As we reach a fever pitch with less than three weeks until the election, everyone is frustrated. Even political junkies like me have had enough. The simple act of having breakfast with old friends even carries risk these days. You can lose a friendship over a discussion of who won a debate, when, in fact, not much of substance was said by anyone.
We are tired, angry, and so ready for this election to be over. Just when you think you have reached your limit, something else comes along and proves that, yes, even you can cross that exasperation red line that no one wants to breech.
Let me first say, that I cannot ever remember writing about another company in a negative way. To begin with, I have been on the receiving end of unfounded charges in the media. Second, I own a newspaper that depends on revenue from the very companies with whom we occasionally get irritated.
It has been almost two years since we sold our restaurant business. While Ponder Enterprises survives in a smaller fashion, the offices that we built up over the past couple of decades are no longer needed. Specifically, we no longer need seven phone lines coming into a building that is usually empty.
Two weeks ago, I arranged to have six of the seven phone lines removed which will result in a huge savings on our monthly bills. I was informed that someone from our company would have to physically be on site during the visit by the technician. I was further informed that the window during which the technician would visit was all day. That is right. I was expected to be there from 8 a.m. in the morning until 6 p.m. in the evening.
This was further complicated by the fact that I now live two and a half hours from Donalsonville. Even worse, I live in the Central Time Zone. That meant I would need to arrive in Donalsonville the night before to make sure I would be present in the unlikely event the technician showed up early.
I received a confirmation email, drove down the night before, and got up early enough to be at the office by eight o’clock. It was mid-afternoon when I discovered the confirmation email that was sent to me changed the appointment to another day. No call. No question asking if I received the email. The result was a day wasted, a night away from home and five hours on the road.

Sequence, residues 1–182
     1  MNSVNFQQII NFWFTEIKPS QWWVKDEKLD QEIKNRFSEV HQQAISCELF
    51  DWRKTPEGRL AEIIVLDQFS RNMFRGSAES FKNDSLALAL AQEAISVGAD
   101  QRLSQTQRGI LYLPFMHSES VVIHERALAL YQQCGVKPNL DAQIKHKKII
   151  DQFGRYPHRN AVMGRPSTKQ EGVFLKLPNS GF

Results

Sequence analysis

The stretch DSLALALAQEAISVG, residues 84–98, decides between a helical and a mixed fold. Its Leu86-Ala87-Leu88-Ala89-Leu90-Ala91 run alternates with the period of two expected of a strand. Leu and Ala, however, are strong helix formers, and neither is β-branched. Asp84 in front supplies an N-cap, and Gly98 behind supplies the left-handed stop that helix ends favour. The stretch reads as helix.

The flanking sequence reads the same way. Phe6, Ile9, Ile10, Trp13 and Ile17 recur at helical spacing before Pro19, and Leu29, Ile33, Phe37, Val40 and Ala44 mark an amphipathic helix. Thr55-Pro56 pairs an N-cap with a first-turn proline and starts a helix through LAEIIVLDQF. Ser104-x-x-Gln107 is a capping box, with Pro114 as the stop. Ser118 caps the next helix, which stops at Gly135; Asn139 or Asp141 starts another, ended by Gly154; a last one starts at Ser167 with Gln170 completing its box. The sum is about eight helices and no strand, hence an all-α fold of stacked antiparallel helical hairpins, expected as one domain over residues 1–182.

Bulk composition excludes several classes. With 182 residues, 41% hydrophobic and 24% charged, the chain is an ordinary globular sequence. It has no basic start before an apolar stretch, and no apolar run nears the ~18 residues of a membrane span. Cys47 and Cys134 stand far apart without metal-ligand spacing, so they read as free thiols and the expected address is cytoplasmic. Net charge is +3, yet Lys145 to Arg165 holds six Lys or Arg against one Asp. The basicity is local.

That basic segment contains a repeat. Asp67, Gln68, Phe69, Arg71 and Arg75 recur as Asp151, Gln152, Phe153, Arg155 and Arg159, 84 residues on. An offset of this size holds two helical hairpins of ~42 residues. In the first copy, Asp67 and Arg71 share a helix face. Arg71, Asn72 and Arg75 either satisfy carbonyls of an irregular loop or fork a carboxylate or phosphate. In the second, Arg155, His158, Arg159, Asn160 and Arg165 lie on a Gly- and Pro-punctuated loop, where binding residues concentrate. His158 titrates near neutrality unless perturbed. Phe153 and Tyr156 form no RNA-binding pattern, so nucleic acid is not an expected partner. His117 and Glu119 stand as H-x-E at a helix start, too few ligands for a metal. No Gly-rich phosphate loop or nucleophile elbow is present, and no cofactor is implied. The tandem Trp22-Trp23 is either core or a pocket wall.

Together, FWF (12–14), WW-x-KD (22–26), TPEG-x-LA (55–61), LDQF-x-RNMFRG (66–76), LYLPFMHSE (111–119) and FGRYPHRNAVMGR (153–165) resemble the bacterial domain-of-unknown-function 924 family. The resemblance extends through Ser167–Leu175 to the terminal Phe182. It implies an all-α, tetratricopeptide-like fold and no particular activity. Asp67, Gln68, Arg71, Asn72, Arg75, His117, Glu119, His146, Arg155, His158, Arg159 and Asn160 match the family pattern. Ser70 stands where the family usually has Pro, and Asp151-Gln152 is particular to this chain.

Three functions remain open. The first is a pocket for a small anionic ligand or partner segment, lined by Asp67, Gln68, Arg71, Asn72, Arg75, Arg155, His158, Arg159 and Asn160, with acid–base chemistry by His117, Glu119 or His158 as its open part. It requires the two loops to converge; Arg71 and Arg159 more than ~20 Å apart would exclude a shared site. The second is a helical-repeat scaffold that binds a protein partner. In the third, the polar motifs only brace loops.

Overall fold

Nevertheless, I realized that I did bear part of the responsibility because I did not read all the way down to the third paragraph to discover the change. The meeting was rescheduled for Monday, October 12, 2020.
I once again drove down the night before so I could be present for the technician’s visit. At mid-morning I emailed my contact but received no response. At mid-afternoon, I called and left a voicemail. A bit later, I sent a more strongly worded email to everyone I knew in the company. By then, I had been sitting in an empty office for over eight hours.
The only bright spot in this fiasco is the customer service person in charge of “small business retention”. No complaints with her, but she is not the person calling the shots. After an hour, she had to regretfully inform me that the technician would not be coming yet again.
The phone company said they had a lot of calls come in and were just swamped. They had planned to call me but got overwhelmed. My contact said she had received so many emails she had never seen my earlier email query.
To summarize, I have now driven 600 miles for two visits that were not honored. I spent two nights away from home. I have spent a total of 14 hours in an office with no furniture, no cable, and nothing much else to help me pass the time.
The technician cannot come tomorrow while I am already in town because they have more important things to do. We have rescheduled for a later date that will require a third trip. My request to at least narrow the window to a maximum of four hours is under consideration. I will not hold my breath.
If my own company had this same approach to customer service, I would have gone bankrupt. Then again, this phone company did go bankrupt.
I take no pride in discussing the problems of another company. On the other hand, what will they do? Cut my phones off? That is exactly what I am trying to get them to do.
Customer service in a pandemic. It can more frustrating than politics.
Dan Ponder can be reached at email@example.com